On Feeling Embarrassed at Work

I submit that we are never more keenly aware of our own physical state than when we are embarrassed. Other emotions make themselves felt in the body, of course; the soft, spreading warmth of love, the acute pops and pains of joints as fear inspires flight. To be chased by a tiger is to be gripped by terror and also remember that bad knee of yours. Embarrassment works a little differently; it makes our person its accomplice. Embarrassment is an ampersand, tacking on an emphatic “and like so” to your flubbed expense report. I’m embarrassed and rain-soaked. I’m embarrassed and without pants! Perhaps because I’m without pants, but most definitely embarrassed and without them. Many of our embarrassments these days are private, hidden behind so many masks and closed front doors. But some of us are not so lucky. Some of us are made fools at work, even now, and with everyone watching.

For instance, sometimes you’re a member of the Atlanta Braves. You’re a member of the Atlanta Braves and you’re on the mound, down a run. That’s ok! It’s just a run, and there are two outs. You’ve only thrown nine pitches. And you’re you, Kyle Wright, and your seven strikeouts and six innings of scoreless NLDS baseball are on the mound with you.

Only now it’s two runs…

… and then 17 pitches. And also, you’ve walked Cody Bellinger.

Your stomach lurches. You’re suddenly very aware of an itch on your face. Also of your lungs. Blowwww.

Your bodily experience is one of tension, terrified anticipation. But that’s about to change. You’re about to give up one dinger…

… and then another.

You’re no longer a coil of anxiety. You’re embarrassed.

Not only that, you’re embarrassed and a little sweaty. Not everywhere, mind you, but along your hairline and in the pores of your cheekbones and under that little mustache. Why do you have this mustache? Is it good? Why isn’t it fuller? You’re a little embarrassed about that, too, now.

As you prepare to walk Chris Taylor, those six scoreless frames against the Marlins fade further. All you can think about now is your embarrassment. That, and the little bit of hair that won’t stay tucked behind your ear no matter how hard you try. Embarrassed and irritatingly tickled.

The walk ends your outing, but the tickle remains, and the little bits of sweat, and of course, your embarrassment.

You leave a wipe of your brow on the field and a swear, but the sick feeling trudges back to the dugout with you. Embarrassed and pulled.

You aren’t the only one. Grant Dayton will take his turn. After he gives up a grand slam to Max Muncy, he’ll be embarrassed and have to spit, his mouth flush with saliva and an awareness that we’re watching him.

And being embarrassed at work isn’t purely a pitcher’s proposition. Yesterday, it made its way to the outfield, where it tripped up Austin Riley on a Corey Seager double…

…and twisted him about after he misjudged a Muncy fly ball.

Later in his life (read: his 30s) that sequence will be enough to make Riley wake up the next day with a painful little tweak in his back; for now, though, he’s just embarrassed and flat on his front, as well as whirled around.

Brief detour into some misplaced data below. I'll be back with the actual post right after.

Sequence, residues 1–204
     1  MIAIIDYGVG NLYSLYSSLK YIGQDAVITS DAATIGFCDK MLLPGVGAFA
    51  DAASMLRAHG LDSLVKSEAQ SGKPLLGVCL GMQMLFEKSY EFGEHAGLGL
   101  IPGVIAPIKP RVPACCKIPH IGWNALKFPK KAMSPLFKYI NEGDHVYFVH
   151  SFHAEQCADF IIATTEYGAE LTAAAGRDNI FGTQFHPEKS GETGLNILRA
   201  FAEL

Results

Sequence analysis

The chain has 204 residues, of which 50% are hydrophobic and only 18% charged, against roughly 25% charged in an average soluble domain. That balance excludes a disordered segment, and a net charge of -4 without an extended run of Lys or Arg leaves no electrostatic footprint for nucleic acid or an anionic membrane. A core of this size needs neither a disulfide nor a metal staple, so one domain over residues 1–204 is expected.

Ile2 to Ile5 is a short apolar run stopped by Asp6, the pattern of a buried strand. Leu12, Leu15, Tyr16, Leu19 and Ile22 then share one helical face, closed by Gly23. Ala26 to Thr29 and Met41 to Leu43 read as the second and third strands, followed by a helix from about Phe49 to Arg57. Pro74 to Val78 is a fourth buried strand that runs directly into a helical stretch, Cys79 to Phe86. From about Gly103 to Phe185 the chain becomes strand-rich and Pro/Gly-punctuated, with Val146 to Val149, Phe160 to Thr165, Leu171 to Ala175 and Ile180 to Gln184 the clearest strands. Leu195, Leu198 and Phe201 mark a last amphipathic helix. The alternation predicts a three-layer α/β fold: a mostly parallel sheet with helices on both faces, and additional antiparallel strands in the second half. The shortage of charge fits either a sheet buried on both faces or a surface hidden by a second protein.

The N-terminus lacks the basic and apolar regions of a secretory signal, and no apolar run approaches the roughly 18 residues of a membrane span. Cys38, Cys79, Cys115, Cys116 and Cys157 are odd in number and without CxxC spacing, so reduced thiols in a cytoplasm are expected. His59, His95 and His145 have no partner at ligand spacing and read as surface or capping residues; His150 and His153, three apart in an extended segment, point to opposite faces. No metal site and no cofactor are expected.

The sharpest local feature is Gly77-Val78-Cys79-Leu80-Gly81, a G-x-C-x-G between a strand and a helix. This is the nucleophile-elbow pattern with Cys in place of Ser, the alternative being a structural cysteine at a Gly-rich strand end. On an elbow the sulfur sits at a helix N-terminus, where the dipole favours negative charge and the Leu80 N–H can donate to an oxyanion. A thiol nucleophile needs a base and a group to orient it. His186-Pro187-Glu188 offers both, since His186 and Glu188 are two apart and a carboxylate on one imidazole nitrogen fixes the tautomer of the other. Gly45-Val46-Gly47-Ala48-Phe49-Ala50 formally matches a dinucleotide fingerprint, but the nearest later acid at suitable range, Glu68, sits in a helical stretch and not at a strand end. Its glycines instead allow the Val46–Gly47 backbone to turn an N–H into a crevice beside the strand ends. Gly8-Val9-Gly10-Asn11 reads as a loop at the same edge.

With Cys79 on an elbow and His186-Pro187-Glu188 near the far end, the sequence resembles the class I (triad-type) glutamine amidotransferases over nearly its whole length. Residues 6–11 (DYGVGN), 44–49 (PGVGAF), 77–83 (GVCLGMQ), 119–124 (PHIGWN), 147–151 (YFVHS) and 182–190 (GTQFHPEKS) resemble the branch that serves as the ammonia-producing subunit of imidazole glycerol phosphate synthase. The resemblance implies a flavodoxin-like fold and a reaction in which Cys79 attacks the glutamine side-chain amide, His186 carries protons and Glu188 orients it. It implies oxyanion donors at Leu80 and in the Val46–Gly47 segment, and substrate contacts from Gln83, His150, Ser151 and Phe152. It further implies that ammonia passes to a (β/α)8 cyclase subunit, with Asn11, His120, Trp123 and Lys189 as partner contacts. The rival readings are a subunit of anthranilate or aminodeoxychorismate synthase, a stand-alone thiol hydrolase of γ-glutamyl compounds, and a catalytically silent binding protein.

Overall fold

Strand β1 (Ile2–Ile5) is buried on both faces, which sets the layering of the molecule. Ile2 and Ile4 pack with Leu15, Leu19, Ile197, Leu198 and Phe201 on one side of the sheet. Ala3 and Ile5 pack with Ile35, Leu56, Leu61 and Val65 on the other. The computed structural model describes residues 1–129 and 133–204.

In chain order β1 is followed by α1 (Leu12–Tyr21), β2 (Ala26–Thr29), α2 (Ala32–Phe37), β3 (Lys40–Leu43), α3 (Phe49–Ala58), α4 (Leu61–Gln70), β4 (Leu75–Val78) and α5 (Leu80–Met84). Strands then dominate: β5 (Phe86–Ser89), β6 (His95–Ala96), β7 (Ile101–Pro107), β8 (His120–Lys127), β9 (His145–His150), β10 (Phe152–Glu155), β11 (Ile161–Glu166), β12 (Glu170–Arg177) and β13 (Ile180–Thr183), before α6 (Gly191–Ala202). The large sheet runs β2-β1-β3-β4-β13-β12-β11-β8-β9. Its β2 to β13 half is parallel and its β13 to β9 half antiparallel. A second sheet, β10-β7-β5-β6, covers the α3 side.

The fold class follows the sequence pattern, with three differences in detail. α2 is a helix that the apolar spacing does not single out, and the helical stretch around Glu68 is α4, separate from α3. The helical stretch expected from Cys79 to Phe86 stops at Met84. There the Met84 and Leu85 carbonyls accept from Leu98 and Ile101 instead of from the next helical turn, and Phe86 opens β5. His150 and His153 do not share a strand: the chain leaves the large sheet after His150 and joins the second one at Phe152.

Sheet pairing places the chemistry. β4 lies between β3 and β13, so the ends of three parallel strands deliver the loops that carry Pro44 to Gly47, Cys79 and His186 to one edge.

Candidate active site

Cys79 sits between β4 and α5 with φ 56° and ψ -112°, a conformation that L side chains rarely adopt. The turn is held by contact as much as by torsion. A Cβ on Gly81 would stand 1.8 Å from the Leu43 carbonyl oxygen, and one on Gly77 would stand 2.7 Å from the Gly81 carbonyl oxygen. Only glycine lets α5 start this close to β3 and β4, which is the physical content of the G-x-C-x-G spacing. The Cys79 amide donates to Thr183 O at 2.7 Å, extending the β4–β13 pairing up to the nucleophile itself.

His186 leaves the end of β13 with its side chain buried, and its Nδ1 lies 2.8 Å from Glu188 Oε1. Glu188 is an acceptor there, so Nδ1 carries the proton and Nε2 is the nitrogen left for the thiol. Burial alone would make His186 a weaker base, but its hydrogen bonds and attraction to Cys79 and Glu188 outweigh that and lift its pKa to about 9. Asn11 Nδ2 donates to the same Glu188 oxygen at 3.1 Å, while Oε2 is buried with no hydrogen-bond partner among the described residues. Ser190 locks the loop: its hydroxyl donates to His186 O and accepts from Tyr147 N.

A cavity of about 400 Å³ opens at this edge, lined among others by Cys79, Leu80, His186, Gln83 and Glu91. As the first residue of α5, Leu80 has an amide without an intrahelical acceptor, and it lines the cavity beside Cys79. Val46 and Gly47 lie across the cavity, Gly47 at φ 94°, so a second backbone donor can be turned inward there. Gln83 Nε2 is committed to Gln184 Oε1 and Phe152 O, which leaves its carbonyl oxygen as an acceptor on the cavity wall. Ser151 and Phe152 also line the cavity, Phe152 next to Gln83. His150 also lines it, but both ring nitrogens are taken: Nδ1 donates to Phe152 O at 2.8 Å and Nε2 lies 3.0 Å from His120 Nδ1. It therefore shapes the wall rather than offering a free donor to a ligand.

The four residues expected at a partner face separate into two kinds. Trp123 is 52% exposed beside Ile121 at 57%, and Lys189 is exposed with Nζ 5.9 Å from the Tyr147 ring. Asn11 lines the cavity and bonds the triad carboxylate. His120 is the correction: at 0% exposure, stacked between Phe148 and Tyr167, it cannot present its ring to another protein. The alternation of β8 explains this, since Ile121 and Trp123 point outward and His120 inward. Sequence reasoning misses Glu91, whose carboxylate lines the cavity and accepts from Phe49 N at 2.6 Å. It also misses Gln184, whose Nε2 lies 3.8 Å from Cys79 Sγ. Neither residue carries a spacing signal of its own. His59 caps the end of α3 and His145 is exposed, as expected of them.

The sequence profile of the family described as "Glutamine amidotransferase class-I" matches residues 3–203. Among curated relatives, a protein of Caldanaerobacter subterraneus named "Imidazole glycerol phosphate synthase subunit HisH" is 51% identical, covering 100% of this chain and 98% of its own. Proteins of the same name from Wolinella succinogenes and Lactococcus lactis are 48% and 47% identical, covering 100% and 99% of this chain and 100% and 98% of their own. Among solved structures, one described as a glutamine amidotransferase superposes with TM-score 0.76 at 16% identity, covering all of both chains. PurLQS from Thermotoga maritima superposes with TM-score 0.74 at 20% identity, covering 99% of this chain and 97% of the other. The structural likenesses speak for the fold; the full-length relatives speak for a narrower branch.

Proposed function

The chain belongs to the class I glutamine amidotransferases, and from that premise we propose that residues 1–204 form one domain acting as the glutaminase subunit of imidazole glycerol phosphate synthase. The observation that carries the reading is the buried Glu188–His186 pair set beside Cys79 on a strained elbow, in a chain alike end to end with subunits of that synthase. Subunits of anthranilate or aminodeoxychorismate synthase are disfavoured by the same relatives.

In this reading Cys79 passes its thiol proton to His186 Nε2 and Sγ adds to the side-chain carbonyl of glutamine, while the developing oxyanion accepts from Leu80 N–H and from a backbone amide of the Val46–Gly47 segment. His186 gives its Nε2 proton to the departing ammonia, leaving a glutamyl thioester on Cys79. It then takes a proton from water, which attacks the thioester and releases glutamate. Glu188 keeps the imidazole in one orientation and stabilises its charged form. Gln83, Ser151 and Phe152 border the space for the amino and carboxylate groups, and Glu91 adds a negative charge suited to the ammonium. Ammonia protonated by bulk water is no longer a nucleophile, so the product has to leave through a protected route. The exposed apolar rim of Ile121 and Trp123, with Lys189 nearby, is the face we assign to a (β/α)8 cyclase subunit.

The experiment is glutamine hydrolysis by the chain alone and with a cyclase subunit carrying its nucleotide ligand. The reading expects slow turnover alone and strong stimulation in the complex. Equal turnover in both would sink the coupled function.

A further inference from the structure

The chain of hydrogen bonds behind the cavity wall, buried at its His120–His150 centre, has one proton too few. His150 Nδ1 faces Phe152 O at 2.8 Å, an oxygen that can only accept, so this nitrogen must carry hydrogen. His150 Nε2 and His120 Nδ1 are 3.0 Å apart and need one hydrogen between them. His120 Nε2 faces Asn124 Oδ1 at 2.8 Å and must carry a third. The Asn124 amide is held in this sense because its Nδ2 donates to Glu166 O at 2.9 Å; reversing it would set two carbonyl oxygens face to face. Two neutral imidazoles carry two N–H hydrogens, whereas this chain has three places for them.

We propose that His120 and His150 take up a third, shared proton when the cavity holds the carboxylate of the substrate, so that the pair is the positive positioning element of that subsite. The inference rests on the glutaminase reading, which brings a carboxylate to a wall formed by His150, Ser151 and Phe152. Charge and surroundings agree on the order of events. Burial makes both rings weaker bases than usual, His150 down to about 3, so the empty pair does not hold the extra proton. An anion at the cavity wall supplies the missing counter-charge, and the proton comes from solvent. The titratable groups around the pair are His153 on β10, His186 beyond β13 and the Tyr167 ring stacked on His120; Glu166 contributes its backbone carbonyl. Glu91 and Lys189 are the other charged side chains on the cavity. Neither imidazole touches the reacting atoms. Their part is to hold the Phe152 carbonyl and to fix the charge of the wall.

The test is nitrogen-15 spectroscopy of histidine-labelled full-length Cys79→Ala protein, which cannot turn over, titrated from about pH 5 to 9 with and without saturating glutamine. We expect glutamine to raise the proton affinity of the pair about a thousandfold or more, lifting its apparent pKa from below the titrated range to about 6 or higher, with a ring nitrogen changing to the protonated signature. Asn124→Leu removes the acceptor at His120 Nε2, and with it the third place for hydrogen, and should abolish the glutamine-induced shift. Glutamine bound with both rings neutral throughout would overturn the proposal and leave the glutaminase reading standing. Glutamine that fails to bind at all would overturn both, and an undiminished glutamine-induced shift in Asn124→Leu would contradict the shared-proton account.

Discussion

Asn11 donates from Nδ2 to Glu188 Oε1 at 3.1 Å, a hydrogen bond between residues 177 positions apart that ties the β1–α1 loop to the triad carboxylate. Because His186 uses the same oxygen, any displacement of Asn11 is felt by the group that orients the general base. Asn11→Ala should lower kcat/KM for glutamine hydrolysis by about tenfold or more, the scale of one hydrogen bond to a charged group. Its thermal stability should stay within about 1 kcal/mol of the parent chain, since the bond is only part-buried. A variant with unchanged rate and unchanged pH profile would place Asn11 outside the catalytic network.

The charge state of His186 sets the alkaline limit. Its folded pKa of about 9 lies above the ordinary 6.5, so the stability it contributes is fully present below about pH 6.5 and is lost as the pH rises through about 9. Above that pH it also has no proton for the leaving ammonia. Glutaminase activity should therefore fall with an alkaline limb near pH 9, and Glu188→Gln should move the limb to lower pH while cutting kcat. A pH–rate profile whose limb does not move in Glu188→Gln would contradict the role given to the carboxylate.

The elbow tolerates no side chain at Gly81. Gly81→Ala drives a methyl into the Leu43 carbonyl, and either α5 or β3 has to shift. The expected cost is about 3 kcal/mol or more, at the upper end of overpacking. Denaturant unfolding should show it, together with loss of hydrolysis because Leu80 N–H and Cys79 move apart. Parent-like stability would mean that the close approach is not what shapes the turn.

Of course, the thing we really worry about when we find ourselves so abashed isn’t that we’re embarrassed and sweaty or on the ground now, but that we might be forever. That our gaffes — and the “ands” they smuggle in with them — might come to define us. That this moment will smudge out the fullness of our lives until we’re The Doofus Who Didn’t Catch That or The Infielder Who Fell Down or The Team That Gave Up 15 Runs. That metamorphosis from person to punchline has precedent — we still won’t leave Steve Bartman alone — so I understand why players are on the watch for it. Indeed, I think a not-small amount of the bluster over unwritten rules come from the fear that we won’t remember the bats triumphantly sent into space but rather the failures that came pre-launch, the spit and twisted torsos and embarrassments at work as everyone watches.

Still, I think players can let themselves off the hook a bit, even in the face of a record-setting postseason inning. Some embarrassments and their “ands” streak through the decades, but most don’t. The Braves had a terrible first in Game 5 of last year’s NLDS against the Cardinals, but I didn’t remember that until this latest debacle called it to mind. Atlanta lost 15-3 yesterday, but took the two games before. The Dodgers have had their own sweaty moments on the mound. We do ourselves and others the kindness of forgetting.

And even when we don’t forget, we move on, sometimes while we’re still in the midst of our embarrassment. Yesterday, Cristian Pache hit his first major league home run in the bottom of the third, and just like that, the Braves were embarrassed but on the board.

Atlanta would tack on two more late; the Dodgers’ bats would finally quiet. Everyone gets to try again this evening.

We feel embarrassment down into our toes and tingling behind our eyes and in so many drops of sweat. We feel it keenly, but eventually, the moment passes. We remember tomorrow. We get up and play again, and our “and” shifts. A run scores. Embarrassed and, eventually, free.





Meg is the managing editor of FanGraphs, the host of FanGraphs Audio, and the co-co-host of Effectively Wild. Her work has previously appeared at Baseball Prospectus, Lookout Landing, and Just A Bit Outside.

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lsuzuki
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lsuzuki

Excellent!